4. Aristotle, the biologist. (via Johann A. Klaassen)
5. How to get your students to do the reading.
6. How Stoical was Seneca? Mary Beard takes up the question.
7. “Placing the question of violence at the forefront almost inevitably serves to obscure the issues that are at the center of struggles for justice.” — an interview with Angela Davis.
8. An iPad app that “provides the tools you will use most often in introductory symbolic logic courses,” by D.K. Johnston (University of Victoria)
9. A script for a sketch of talk show starring Zach Galafianakis as Socrates, with guest “Justin Beaver,” based on Plato’s Ion.
10. Embodied cognition, featured on Australian public radio (transcript, too). (via Philosophy Matters)
11. “The philosopher’s misfortune is to be a part of nothing. To stand apart from everything.” — Another review of Wittgenstein Jr. by Lars Iyer.
12. For the combative moral philosopher.
Helen De Cruz conducted a survey about submitting articles to the “top-5” philosophy journals and now has a post up analyzing the results.
This weekend, 60 years after his death, Locke is finally being given a permanent resting place in Capitol Hill’s Congressional Cemetery, where a polished-granite gravestone will sit across from the sandstone cenotaphs honoring early members of Congress and adjacent to the first director of the Smithsonian’s National Museum of African Art, Warren Robbins.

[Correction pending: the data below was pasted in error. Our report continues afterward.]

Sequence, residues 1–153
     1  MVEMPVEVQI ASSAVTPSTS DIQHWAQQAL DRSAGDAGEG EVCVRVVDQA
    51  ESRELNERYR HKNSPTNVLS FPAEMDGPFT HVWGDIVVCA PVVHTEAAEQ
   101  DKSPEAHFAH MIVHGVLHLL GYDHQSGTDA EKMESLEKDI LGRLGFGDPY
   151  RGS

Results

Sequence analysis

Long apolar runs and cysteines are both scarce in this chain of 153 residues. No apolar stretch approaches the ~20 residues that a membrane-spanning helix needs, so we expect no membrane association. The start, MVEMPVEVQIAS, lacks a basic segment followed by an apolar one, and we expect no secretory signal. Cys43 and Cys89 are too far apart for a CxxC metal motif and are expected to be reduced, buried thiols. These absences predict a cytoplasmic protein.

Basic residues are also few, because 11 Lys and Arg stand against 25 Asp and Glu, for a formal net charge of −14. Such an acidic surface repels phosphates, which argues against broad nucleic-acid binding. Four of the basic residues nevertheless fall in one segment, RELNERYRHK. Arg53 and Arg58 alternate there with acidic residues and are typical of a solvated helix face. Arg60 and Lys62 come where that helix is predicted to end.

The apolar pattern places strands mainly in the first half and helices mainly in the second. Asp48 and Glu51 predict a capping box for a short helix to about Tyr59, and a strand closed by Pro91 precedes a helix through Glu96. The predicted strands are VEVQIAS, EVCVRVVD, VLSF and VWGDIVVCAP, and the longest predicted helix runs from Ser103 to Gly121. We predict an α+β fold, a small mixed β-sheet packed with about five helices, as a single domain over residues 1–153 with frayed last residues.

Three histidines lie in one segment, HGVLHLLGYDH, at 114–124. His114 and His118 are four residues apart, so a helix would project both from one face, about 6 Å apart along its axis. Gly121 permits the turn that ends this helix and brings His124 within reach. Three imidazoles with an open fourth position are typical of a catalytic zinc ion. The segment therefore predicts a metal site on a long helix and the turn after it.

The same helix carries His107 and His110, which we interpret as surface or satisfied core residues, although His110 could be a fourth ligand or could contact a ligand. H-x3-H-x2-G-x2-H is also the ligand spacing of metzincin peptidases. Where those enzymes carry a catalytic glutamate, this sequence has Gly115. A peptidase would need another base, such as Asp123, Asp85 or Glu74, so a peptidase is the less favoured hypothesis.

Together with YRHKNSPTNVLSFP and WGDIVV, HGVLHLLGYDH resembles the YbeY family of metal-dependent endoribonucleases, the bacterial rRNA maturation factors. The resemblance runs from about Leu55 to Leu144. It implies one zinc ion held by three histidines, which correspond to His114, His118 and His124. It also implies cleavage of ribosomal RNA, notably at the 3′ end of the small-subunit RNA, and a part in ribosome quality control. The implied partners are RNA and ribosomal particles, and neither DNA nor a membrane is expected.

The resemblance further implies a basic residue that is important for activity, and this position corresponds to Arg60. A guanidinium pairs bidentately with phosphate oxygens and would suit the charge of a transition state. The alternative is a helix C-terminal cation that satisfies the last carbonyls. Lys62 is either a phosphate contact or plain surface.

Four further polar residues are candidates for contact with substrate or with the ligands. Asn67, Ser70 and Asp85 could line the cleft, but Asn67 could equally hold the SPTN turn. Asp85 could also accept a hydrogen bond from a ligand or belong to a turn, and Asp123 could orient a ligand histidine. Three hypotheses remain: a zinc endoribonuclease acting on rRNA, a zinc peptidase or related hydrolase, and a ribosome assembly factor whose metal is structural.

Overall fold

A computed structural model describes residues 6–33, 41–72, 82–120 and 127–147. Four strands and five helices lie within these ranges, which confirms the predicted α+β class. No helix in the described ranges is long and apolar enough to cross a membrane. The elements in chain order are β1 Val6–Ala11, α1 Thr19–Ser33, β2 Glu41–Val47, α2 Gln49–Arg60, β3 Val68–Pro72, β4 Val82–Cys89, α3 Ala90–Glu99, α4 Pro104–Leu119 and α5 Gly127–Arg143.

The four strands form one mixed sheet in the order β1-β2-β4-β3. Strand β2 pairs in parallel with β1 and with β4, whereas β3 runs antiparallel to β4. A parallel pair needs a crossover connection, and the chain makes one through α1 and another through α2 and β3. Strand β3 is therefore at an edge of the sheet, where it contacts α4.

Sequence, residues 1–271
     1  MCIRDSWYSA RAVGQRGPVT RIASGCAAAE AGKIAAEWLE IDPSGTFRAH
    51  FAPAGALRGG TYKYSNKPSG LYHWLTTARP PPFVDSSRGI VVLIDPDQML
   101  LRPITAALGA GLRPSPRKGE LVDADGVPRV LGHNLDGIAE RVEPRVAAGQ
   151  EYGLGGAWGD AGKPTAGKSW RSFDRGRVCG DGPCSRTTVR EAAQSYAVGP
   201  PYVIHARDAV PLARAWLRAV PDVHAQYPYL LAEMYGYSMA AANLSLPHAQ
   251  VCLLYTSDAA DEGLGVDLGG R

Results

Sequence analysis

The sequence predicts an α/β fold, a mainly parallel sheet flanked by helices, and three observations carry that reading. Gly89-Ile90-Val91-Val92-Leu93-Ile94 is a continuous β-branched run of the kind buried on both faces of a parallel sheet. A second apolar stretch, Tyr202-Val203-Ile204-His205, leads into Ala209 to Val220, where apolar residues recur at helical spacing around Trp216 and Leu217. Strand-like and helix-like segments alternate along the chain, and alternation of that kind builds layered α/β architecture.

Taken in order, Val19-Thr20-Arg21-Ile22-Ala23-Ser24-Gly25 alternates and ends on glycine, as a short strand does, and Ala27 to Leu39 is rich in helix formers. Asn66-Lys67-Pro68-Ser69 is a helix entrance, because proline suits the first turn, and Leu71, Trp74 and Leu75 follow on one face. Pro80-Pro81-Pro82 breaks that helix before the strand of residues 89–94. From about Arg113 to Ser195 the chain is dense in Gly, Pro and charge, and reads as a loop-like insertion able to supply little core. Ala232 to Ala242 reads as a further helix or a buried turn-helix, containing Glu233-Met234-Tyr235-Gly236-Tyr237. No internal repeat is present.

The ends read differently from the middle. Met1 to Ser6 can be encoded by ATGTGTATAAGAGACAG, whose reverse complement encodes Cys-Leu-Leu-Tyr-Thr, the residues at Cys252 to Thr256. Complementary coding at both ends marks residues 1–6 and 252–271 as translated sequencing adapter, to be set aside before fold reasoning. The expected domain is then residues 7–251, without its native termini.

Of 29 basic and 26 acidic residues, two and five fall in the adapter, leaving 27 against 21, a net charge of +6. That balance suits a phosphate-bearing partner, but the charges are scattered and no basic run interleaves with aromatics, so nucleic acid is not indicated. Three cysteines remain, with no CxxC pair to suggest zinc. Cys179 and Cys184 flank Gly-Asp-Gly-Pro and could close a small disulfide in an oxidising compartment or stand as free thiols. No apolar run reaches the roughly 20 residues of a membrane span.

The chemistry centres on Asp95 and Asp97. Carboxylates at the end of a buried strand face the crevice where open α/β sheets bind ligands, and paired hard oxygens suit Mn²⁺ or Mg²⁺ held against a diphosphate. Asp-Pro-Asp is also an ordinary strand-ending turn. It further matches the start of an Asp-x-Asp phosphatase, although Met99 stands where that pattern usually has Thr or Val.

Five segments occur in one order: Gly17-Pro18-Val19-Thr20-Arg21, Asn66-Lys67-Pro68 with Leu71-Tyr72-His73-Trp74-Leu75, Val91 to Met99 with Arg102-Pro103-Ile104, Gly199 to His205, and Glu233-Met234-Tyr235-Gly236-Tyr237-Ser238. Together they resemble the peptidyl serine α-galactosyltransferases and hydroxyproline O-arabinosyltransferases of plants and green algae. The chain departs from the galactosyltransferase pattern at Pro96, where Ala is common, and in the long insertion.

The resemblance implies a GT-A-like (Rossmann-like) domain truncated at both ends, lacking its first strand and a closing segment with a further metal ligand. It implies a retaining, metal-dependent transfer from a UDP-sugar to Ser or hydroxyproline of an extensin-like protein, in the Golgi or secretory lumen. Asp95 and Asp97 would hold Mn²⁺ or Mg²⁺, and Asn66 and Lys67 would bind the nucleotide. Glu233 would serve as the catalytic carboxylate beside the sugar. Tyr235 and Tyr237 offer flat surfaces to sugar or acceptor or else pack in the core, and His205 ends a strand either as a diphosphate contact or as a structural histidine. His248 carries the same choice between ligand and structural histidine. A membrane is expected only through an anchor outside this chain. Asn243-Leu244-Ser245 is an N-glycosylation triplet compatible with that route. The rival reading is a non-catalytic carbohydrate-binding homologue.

1. Has a time travel simulation resolved the grandfather paradox? Philosophers of science, let us know (via Ben Stein, Manolo Martinez).
2. A philosopher defends Zionism.
3. Meanwhile, the rabbinical ruling refusing to reverse Spinoza’s excommunication from Judaism has been made public.
4. PBS Newshour discusses philosophy and athletics with Mark Edmundson (Virginia).
5. While we’re on sports, check out David Papineau’s post on game theory and team reasoning.
6. Developments in human enhancement, part… let’s just say we’ve lost count: using electricity to improve your memory.